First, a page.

A YOUNG, T-shirt-wearing techie is Time magazine's "2010 Person of the Year." Based on the publication's criteria for awarding the title, Facebook founder Mark Zuckerberg more than earned the recognition.
The 26-year-old Harvard dropout, who began the world's largest social-networking site in 2004, truly has "for better or for worse … done the most to influence the events of the year."
He did it by creating a "new system of exchanging information," as Time managing editor Richard Stengel put it, that has changed how we all live.
The social-networking platform that the lanky Mr. Zuckerberg started in college for other students is a ubiquitous presence around the globe today. The Web service, which now boasts more than 550 million users, "is the connective tissue for nearly a tenth of the planet," Mr. Stengel wrote. "We have entered the Facebook age."
What that means is unclear, but what's certain is the appeal of an Internet powerhouse that has made its mysterious CEO something of a cultural icon. Of course, before a movie portraying the wunderkind in less than flattering terms appeared, it's safe to say few outside tech circles knew him.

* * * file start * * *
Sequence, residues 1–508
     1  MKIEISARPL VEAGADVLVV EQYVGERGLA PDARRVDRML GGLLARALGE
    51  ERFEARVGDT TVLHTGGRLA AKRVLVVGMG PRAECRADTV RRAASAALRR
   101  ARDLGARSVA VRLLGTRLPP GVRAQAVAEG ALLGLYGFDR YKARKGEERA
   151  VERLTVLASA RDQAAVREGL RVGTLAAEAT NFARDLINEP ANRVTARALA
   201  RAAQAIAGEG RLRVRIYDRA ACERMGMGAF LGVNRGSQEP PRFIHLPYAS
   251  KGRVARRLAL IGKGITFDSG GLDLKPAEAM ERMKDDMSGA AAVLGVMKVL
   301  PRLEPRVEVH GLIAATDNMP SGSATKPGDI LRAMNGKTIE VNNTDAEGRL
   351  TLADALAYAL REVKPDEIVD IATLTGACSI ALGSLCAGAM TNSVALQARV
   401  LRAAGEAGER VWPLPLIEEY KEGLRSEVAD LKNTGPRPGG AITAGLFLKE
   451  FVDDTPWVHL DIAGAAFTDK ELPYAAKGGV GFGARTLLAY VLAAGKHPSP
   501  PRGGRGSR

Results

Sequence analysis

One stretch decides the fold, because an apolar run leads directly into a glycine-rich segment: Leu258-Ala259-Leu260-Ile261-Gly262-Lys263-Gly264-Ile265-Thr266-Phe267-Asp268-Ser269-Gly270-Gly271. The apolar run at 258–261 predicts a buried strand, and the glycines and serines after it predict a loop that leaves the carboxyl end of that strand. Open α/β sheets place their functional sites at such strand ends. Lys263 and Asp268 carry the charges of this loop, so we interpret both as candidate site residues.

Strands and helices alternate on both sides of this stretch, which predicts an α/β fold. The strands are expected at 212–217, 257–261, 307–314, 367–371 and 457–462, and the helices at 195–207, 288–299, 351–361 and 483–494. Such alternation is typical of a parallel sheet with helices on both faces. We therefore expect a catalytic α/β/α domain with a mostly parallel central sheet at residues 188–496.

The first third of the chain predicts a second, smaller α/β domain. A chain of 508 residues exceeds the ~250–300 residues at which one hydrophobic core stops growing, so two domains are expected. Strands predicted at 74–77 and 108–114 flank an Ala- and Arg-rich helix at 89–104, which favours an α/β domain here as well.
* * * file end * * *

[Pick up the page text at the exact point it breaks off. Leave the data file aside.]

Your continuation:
Not anymore. From the movie The Social Network to appearances on The Oprah Winfrey Show, and generous displays of philanthropy - perhaps to blunt his onscreen portrayal - his public ascent is as remarkable as the networking system he founded that hooked half a billion people with a keystroke. And now Time magazine has clicked "Like" on Facebook's Zuckerberg, raising his profile even higher. But the annual honor is also a testament to the rising power of a new generation of Silicon Valley innovation.